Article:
South Korea and China look to improve ties after THAAD dispute

South Korean President Moon Jae-in talks of hope for renewed cooperation at summit with Chinese president, Xi Jinping.

In this image from video, South Korean President Moon Jae-in, left, is greeted by his Chinese counterpart Xi Jinping ahead of their meeting at the Great Hall of the People in Beijing. The leaders of China, Japan and South Korea are holding a trilateral summit in China this week [AP Photo]
In this image from video, South Korean President Moon Jae-in, left, is greeted by his Chinese counterpart Xi Jinping ahead of their meeting at the Great Hall of the People in Beijing. The leaders of China, Japan and South Korea are holding a trilateral summit in China this week [AP Photo]

The leaders of South Korea and China have said they looked forward to improved ties following a protracted disagreement over the deployment of an anti-missile system by the United States that Beijing considers a threat.

South Korean President Moon Jae-in told Chinese leader Xi Jinping that while each side might have felt “disappointed towards each other for a while”, their shared culture and history prevented them from becoming completely estranged.

“It is hoped that South Korea’s dream becomes helpful for China as China’s dream becomes an opportunity for South Korea,” Moon said in opening remarks on Monday before reporters were ushered from the room.

In his opening comments at the meeting at the Great Hall of the People in the centre of Beijing, Xi described bilateral ties as “a substantial relationship in the world and an influential relationship among world nations”.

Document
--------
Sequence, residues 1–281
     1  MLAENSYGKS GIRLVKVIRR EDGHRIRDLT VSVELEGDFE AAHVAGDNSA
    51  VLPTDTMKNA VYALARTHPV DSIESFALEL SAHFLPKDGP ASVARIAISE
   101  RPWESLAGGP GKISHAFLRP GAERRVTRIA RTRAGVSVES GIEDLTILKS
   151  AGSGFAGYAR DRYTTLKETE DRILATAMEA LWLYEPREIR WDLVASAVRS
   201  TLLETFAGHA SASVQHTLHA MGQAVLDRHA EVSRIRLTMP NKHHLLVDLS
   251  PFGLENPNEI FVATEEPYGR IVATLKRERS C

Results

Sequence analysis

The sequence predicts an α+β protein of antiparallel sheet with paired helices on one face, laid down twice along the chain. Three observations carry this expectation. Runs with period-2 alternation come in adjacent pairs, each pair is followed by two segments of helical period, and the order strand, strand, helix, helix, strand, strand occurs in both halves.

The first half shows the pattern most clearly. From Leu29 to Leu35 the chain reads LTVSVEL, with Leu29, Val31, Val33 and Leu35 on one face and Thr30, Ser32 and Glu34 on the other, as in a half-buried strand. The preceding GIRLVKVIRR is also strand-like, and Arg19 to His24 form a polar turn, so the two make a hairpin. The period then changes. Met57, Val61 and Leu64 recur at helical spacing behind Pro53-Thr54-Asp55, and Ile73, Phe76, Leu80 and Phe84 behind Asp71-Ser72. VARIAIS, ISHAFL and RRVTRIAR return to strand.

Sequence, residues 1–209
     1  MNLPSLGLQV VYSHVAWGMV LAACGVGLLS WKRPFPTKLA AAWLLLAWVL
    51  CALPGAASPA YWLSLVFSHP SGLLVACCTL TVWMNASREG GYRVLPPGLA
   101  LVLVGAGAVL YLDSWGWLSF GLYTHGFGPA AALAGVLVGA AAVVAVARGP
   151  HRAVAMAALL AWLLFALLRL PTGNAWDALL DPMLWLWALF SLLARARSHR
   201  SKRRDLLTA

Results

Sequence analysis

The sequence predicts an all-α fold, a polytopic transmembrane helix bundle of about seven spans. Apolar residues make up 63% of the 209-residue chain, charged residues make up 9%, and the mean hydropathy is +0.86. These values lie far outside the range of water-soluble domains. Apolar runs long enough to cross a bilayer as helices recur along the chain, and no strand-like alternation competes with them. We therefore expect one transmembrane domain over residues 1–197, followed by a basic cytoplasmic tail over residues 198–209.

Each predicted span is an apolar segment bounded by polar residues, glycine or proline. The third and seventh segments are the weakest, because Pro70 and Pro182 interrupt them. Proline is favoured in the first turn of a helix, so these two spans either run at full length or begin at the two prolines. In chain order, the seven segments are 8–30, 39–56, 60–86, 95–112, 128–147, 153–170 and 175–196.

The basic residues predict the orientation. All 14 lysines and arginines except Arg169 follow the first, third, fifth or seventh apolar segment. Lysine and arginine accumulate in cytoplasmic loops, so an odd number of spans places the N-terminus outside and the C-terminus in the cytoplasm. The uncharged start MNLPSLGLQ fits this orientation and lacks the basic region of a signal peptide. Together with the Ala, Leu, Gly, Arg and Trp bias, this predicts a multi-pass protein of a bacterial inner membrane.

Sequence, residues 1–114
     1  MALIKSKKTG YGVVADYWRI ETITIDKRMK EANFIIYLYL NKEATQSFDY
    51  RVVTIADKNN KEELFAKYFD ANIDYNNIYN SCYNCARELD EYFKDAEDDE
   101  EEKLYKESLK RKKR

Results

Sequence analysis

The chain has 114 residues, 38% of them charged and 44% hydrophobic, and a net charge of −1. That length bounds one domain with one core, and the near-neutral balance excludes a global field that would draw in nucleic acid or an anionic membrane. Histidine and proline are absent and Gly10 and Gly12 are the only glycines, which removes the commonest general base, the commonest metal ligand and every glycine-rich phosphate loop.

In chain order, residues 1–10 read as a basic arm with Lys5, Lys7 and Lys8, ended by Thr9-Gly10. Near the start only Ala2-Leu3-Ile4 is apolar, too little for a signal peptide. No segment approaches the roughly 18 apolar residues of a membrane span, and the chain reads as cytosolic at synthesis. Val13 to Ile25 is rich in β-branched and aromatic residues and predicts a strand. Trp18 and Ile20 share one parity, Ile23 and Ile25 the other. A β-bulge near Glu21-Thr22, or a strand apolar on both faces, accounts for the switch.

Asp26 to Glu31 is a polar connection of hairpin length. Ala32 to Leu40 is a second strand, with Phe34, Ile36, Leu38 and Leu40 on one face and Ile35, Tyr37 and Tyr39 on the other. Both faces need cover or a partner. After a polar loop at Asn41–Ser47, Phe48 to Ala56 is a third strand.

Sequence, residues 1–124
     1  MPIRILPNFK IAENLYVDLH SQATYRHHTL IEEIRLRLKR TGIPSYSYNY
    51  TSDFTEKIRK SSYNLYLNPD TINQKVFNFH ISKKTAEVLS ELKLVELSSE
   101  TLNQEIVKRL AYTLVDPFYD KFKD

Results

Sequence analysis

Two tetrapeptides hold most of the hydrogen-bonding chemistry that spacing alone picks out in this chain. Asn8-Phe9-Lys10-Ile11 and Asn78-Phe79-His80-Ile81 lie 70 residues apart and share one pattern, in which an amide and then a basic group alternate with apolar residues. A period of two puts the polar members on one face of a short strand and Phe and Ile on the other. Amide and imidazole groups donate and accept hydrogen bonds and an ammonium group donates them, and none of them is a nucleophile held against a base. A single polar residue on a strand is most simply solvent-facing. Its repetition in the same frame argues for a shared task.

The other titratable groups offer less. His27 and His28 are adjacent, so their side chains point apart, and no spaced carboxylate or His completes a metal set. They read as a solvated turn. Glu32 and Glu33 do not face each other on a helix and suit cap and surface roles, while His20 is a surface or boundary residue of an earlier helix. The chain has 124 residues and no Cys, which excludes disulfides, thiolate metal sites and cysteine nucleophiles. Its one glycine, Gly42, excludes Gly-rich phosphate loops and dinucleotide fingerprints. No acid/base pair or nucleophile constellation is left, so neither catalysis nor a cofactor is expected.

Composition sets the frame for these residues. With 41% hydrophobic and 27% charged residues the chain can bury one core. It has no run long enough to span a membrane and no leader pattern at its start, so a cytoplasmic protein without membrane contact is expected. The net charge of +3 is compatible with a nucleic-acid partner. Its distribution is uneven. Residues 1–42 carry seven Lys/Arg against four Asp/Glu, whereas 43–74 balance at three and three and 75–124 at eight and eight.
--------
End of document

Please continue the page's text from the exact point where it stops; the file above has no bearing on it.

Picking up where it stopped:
Ties between the northeast neighbours deteriorated in 2017 after Seoul accepted the establishment of the Terminal High Altitude Area Defense, or THAAD, system in southern South Korea. Beijing insists the system’s real purpose is to use its powerful radars to peer deep into its territory, rather than to warn of North Korean missile launches and shoot them down.

North Korea question

Furious, China launched an unofficial boycott of everything from Chinese tour group visits to South Korea to South Korean television shows, boy bands and other cultural products.

Major South Korean retailer Lotte, which provided a golf course where the missile system was deployed, was singled out for especially harsh treatment and its China business operations were essentially destroyed. Even sales of ubiquitous South Korean car brands such as Hyundai and Kia plunged.

Ultimately, Beijing was unable to force South Korea to withdraw the system and its fury appears to have subsided somewhat amid the trade war with the US and tensions elsewhere in Asia.

South Korea now hopes to have Xi visit next year and is also anxious to have Beijing use its influence with North Korea to kick-start deadlocked denuclearisation talks.

While South Korea appreciates the part China has played in that effort, the “current recent situations in which the talks between the United States and North Korea are stalled and tensions on the Korean Peninsula have become heightened are certainly not favorable, not only for South Korea and China but also for North Korea,” Moon said in his opening comments.

“I hope that we continue to closely cooperate so that the opportunities we have gained with difficulty can come to fruition,” he said.

North Korea has set a year-end deadline for the US to make concessions in the nuclear talks, without apparently making any offers of its own. The US says it will not accept that demand and has called on North Korea to return to negotiations. While China is the North’s most important diplomatic ally and chief source of investment and economic assistance, its ability to force Kim Jong Un‘s regime to alter policy is believed to be limited.

Along with meeting Xi, Moon will take part on Tuesday in a trilateral summit in the southwest Chinese city of Chengdu with Japanese Prime Minister Shinzo Abe and Chinese Premier Li Keqiang.

Source : News Agencies

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